Text-remote Thick Translation of Lin Yutang’s English Version of Laozi


Authors: Huang Weixing (Faculty of Modern Languages and Communication, Universiti Putra Malaysia, Malaysia)
Ang Lay Hoon, Ser Wue Hiong, Hardev Kaur (Faculty of Modern Languages and Communication, Universiti Putra Malaysia, Malaysia)
Speaker: Huang Weixing
Topic: Text, Context and Entextualization
CALA 2020 General Session


Abstract

Laozi, one of the fundamental books of Chinese philosophy, is the second most translated text in the world after the Bible. However, due to its pithy style, esoteric language, profound philosophical thoughts, and besides linguistic, historical, and cultural differences between the original and target, understanding its ideas has been a challenge for target readers. Thick translation, which aims to produce a thick contextualized text in order to facilitate the understandings of target readers, has been adopted by Lin Yutang in his English translation of Laozi, entitled “The Wisdom of Laotse”.

This colloquium explores the eight different means of text-remote thick translation utilized to build thick contexts in Lin’s version of Laozi. Appiah’s thick translation theory, which developed from Clifford Geertz’s thick description theory of Cultural Anthropology, is employed to construct the theoretical framework for this study. The discussion is directed at how Lin places target readers into broader contexts regarding the source text and explains rationale behind Lin’s strategy.

This colloquium offers new dimensions in the interpretation of Laozi and paves the way for future comprehensive studies on thick translation of Laozi, and beyond.

References:
Appiah, K. A. (1993). Thick translation. Callaloo, 16 (4), 808-819.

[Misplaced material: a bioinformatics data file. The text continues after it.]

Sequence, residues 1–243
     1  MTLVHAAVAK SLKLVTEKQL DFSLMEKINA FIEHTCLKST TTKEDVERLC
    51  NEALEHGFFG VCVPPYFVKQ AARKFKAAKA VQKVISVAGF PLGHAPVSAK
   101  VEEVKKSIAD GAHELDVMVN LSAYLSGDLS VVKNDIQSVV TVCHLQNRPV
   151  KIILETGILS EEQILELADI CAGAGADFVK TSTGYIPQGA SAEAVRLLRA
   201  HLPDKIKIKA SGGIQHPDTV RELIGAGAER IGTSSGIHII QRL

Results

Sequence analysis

Chan, A. (2018). Laozi. In Edward N. Zalta (Ed.), The Stanford Encyclopedia of Philosophy (Winter 2018 Edition). Retrieved December 12, 2018 from https://plato.stanford.edu/archives/win2018/entries/laozi/
Hermans, T. (2003). Cross-cultural translation studies as thick translation. Bulletin of the School of Oriental and African Studies,  66 (3),380-389.
Halliday, M. A. K. (2007). Language and education (The Collected Works of M. A. K. Halliday Vol. (9). New York & London: Continuum
Halliday, M. A. K., & Matthiessen, C. M. (2014). Halliday’s introduction to functional grammar. Abingdon: Routledge.
Lacertosa, M. (2017). For a philosophy of comparisons: the problems of comparative studies in relation with Daoism. Asian Philosophy,27 (4), 324-339.
Liu, Xiaogan. (2015). Laozi’s philosophy: Textual and conceptual analyses. In Xiaogan Liu (Ed.), Dao companion to Daoist philosophy (pp.71-100). Heidelberg: Springer.
Lin, Yutang. (2009). The Wisdom of Laotse. Beijing: Foreign Language Teaching and Research Press.
Malinowski, B. (1923). The problem of meaning in primitive languages. In C. K. Ogden and I. A. Richards (Eds.), The Meaning of Meaning (pp. 296-336). London: Kegan Paul.
Nida, E. A. (2001). Contexts in translating. Amsterdam/Philadelphia: John Benjamins Publishing Company.
文军 & 王斌. (2016).《芬尼根的守灵夜》深度翻译研究 [A Study of Thick translation in a Chinese version of Finnegans Wake].外国语文, 32 (1), 110-116.
Keywords: Text- remote thick translation, Laozi, thick contextualization, context